• Orcus on His Throne: Subverted as it is the more benevolent powers that do this. As one might expect, it is a real problem when the Big Good is basically passive and does not intervene in the atrocities perpetuated by more bloodthirsty gods.
  • Pet the Dog:
    • Aphrodite questions Zeus' decision to govern through sheer power and tyranny, and thinks that love is a more effective way to rule.
    • As a nuclear bomb heads toward Quetzalcoatl and a group of invaders, Quetzalcoatl praises the followers for their courage and tells them It Has Been an Honor. Since the god is unharmed and all the followers incinerated, there was no reason to do so other than basic decency.
    • Lu Dongbin is upset at Paoxi killing an infant girl and threatens to cut Paoxi down with Lu's magic sword.
  • The Pollyanna: No matter what happens to him, nothing seems to permanently upset Jesus Christ. He even takes being killed a number of times in stride.
  • The Quisling: Soon after Zeus kickstarts the events of the comic, there's a long section with a newscaster who pledges that he and his network will maintain their dedication to truth, integrity, and honest reporting in these difficult times. The next panel is a cut to him several weeks later, still doing news broadcasts, but now dressed as a shaman, calling any predictions about the future, (including the weather to come) divinations, and generally fawning over the gods.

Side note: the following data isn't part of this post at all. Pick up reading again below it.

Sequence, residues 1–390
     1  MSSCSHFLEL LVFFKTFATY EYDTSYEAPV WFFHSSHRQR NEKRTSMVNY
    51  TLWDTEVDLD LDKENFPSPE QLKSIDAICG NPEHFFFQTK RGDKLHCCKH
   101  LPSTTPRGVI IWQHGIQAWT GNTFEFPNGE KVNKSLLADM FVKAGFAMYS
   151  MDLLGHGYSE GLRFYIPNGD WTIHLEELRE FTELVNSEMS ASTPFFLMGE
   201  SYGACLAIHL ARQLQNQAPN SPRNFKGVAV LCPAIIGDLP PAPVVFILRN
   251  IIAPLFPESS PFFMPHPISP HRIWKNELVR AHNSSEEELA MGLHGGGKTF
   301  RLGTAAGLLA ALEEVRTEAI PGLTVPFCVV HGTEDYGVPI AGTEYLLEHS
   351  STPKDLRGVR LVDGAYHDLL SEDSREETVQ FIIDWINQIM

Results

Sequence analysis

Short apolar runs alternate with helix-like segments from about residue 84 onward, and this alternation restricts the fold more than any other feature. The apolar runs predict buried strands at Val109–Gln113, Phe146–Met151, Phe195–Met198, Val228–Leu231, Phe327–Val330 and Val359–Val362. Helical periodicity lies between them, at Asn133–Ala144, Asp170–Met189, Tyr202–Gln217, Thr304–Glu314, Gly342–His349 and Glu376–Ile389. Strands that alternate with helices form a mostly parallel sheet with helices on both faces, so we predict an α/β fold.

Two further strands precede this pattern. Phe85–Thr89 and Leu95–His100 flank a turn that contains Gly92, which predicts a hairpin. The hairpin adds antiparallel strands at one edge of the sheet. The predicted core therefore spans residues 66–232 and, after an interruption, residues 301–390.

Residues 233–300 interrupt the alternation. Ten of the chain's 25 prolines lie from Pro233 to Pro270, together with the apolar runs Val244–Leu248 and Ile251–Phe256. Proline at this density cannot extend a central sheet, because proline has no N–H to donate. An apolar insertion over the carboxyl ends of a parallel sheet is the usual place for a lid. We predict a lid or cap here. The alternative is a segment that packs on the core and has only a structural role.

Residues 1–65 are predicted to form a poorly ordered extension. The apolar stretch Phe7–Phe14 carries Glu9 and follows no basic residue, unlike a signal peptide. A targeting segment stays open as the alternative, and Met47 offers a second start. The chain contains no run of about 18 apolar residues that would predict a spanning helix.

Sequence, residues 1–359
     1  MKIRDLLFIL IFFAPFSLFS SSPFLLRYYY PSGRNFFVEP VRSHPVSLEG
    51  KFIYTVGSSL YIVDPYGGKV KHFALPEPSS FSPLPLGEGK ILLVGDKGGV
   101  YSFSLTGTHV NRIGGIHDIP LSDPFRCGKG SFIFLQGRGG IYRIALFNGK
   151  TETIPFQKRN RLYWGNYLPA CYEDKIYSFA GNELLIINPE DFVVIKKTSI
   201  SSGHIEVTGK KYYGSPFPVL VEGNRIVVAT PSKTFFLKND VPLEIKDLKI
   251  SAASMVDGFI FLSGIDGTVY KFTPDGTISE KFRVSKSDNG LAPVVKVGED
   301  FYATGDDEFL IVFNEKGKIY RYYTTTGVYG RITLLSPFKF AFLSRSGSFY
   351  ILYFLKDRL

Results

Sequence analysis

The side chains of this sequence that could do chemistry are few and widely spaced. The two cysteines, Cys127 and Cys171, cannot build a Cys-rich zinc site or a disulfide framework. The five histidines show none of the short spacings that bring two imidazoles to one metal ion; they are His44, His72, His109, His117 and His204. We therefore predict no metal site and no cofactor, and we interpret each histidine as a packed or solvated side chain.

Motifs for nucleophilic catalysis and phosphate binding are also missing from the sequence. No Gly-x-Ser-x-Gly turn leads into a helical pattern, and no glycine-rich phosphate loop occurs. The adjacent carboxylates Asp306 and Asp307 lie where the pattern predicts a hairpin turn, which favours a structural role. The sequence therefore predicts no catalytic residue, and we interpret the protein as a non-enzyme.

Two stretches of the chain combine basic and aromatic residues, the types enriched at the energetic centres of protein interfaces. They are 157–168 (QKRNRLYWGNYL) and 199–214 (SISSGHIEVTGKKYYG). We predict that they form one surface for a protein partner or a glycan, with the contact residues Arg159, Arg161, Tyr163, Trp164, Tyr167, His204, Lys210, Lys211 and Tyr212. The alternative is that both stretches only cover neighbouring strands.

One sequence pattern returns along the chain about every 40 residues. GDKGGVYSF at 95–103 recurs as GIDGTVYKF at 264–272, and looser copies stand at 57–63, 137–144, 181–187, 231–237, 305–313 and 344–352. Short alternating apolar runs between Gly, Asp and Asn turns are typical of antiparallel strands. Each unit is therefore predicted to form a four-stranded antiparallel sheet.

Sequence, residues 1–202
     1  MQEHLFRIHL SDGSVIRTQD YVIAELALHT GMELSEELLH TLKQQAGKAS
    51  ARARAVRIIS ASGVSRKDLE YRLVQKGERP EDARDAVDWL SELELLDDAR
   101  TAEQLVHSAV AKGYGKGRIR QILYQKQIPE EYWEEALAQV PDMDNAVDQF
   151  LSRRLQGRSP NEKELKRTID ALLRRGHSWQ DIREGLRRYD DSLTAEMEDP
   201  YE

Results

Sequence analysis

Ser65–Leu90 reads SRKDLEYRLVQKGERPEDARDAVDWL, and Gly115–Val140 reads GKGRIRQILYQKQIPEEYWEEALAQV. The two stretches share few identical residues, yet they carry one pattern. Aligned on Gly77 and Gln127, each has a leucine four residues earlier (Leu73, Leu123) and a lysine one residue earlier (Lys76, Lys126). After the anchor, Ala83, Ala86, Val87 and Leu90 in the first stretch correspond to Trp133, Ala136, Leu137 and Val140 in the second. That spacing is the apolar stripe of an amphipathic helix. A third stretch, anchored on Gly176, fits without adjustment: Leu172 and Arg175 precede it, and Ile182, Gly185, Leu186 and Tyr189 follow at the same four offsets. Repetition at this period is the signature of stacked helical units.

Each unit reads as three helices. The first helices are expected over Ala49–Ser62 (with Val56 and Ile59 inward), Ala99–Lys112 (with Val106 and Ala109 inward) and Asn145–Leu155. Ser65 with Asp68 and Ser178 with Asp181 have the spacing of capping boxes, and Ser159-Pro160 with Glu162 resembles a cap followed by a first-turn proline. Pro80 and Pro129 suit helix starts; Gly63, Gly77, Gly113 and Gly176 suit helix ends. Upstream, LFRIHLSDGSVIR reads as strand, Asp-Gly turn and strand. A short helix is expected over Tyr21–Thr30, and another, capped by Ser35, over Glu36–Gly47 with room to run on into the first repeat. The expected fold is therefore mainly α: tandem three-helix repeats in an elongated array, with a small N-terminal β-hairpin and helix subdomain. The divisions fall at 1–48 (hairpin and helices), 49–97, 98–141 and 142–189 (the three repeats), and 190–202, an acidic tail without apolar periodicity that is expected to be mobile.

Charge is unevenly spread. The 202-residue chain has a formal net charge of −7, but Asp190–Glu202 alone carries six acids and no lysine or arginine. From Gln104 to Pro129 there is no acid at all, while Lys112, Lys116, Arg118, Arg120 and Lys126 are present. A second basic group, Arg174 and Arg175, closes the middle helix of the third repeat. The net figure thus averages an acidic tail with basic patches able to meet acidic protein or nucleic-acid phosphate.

• Really Gets Around: A significant plot point. Thanatos, with help his love god companion, Eros, manages to bed countless women during his time on Earth and unknowingly produces scores of demigod progeny that serve to be the key to stopping the war between the Gods. Tansy as well, as she recounts having slept her way across at least two continents and bedded enough Gods that she can detect them even while disguised.
  • Ret Gone: After the universe is rebooted, Jesus and Satan are the only gods that have no place in it due to being safely within the belly of Baphomet outside of the universe when the previous incarnation of the universe, collapsed. This is why Yahweh did not recognize Satan before he is killed by him.
  • Sadly Mythtaken: A number of the gods don't match with their mythical personalities or appearances.
  • Smug Snake: Hephaestus thinks he's clever enough to outsmart all the other gods and seize control for himself. The reality is that he moves from one bad idea to another, making things worse and escalating matters each time.